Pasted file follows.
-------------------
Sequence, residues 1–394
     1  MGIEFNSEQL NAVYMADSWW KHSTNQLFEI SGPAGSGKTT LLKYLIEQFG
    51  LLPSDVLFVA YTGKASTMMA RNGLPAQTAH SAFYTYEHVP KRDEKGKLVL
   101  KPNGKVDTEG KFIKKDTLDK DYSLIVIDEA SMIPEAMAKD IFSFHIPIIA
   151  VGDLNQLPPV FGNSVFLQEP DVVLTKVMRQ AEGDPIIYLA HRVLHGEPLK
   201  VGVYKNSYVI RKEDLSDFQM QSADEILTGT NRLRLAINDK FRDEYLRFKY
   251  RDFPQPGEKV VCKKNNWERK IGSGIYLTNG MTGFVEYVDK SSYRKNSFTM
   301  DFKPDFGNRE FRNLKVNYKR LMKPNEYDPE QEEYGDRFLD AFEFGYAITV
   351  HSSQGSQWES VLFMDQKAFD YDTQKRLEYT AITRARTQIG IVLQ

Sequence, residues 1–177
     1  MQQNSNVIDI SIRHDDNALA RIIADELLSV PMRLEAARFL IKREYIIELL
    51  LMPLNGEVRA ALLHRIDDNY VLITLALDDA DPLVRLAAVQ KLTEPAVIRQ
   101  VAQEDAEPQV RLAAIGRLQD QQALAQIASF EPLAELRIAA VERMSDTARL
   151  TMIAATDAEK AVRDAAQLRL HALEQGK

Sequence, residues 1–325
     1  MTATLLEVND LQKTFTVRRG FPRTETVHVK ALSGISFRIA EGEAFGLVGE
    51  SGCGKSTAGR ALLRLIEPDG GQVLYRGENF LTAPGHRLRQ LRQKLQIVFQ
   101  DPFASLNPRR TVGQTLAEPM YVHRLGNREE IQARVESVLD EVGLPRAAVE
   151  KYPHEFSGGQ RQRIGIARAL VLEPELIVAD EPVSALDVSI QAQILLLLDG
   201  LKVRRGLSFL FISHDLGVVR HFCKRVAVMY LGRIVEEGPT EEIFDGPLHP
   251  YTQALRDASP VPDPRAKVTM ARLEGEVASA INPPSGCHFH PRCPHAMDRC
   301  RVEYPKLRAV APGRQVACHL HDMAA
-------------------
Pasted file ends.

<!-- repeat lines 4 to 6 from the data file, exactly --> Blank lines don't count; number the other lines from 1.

   101  KPNGKVDTEG KFIKKDTLDK DYSLIVIDEA SMIPEAMAKD IFSFHIPIIA
   151  VGDLNQLPPV FGNSVFLQEP DVVLTKVMRQ AEGDPIIYLA HRVLHGEPLK
   201  VGVYKNSYVI RKEDLSDFQM QSADEILTGT NRLRLAINDK FRDEYLRFKY